Last night I sat around smoldering embers with the child of Arkansas. She asked for another torch and then settled for sticking a branch into the flames and writing smoky letters using the night sky as her canvas.
She bounced restlessly from chair to chair under the half moon, and finally settled down on the grass. The little dog, ever her sentry, was restless too: the night sounds, distant sirens and neighborhood kids screeching like banshees left her anxious about protecting her little girl. The child in her red dress pulled her knees up to her chest and wrapped her arms around them in the classic kid pose, and she stared at the remnants of our fire. It looked like a glowing pile of precious gems, and we both considered it for a long while.
When I went to fetch a blanket for her and wine for me, she requested music. She wants constantly to have the radio on, a CD playing, to be surrounded by music, while I find myself increasingly enjoying a silent backdrop. I realize, though, that her life has a soundtrack that accompanies the vivid script in her head. I remember rifling through my parents’ albums and settling with gusto on “Greatest Hits of the 50s” or Tanya Tucker belting out Delta Dawn. And so, I return with an iPod and speakers, and we sit there together by the fading fire listening to music.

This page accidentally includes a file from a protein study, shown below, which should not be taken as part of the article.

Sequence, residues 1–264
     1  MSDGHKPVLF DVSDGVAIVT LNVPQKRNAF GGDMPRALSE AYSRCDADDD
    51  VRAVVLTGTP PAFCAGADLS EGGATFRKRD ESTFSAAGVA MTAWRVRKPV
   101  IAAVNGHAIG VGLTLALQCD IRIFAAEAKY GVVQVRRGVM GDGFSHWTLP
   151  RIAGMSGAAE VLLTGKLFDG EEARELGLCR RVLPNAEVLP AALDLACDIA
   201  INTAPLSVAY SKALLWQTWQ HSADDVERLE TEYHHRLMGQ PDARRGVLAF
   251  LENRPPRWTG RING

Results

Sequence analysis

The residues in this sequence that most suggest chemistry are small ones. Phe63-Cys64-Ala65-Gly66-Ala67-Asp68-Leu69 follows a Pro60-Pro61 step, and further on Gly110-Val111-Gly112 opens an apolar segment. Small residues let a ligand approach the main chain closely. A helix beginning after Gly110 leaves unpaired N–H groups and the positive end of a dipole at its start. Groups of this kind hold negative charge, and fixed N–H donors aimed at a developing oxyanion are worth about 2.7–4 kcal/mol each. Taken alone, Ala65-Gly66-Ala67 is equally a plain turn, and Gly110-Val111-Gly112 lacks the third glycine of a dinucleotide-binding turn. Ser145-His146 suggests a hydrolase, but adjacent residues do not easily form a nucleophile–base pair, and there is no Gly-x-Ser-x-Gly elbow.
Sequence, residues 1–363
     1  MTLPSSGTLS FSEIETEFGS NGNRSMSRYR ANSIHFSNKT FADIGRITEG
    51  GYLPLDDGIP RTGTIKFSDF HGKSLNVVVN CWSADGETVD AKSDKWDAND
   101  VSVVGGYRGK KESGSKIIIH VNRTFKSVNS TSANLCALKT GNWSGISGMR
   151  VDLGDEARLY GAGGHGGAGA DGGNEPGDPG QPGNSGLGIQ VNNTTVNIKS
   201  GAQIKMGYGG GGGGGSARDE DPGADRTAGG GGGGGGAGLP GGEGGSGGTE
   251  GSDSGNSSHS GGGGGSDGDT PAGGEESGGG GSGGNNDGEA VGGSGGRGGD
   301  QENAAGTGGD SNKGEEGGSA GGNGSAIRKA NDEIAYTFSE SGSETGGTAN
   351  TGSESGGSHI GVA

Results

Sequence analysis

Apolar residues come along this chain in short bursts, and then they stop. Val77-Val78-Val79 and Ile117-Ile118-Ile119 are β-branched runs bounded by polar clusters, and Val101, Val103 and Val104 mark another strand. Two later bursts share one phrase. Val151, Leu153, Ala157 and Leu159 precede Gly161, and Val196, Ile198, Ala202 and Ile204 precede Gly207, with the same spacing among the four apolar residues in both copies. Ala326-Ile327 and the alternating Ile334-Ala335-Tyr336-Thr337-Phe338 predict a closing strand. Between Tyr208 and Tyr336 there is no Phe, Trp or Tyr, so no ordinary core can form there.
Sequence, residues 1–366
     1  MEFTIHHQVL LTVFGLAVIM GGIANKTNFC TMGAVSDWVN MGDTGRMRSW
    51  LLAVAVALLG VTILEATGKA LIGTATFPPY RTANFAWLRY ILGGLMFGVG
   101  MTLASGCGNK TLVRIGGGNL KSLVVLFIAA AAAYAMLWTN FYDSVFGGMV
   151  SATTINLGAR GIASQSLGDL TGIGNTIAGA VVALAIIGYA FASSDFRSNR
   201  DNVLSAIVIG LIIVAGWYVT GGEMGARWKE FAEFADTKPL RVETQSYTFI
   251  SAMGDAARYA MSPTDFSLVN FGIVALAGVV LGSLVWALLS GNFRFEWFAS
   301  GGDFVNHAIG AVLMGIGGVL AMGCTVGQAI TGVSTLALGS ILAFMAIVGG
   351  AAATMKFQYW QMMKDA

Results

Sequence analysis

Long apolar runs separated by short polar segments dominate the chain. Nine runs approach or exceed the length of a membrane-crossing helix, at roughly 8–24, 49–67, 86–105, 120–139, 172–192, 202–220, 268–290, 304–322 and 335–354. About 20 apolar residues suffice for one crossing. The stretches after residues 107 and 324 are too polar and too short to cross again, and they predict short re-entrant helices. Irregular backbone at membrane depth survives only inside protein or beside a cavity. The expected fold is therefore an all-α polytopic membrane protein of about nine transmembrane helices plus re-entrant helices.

She jumps up to dance around for some songs, and lays on the blanket staring up at the sky with a happy look on her face for others. Best of all, the music and the fire and the dog and the blanket and the backyard give me an hour of the kind of easy and comfortable time in her presence that will probably start to fade in the coming years. There’s a tension between mothers and daughters that is permeable and predictable, and even anticipating and dreading it can’t prevent it.
I know I’ve built a foundation with her that will help us both survive, and I hope that like my mother and me, we’ll emerge on the other side with the kind of deep relationship that I can’t imagine living without. It still scares me that those years are approaching, though.
And so I play my part in the age-old story, snapping at her far too frequently and constantly demanding her best, even when she always gives it anyway. She is beautiful, kind, intelligent, truly funny and I am the lucky one to watch her as she evolves. And so, too, I’m glad for the moments in the backyard by a dying fire under a half moon with the silhouette of the little girl in a dress holding a branch and dancing with a little dog beside her… to the soundtrack in her head.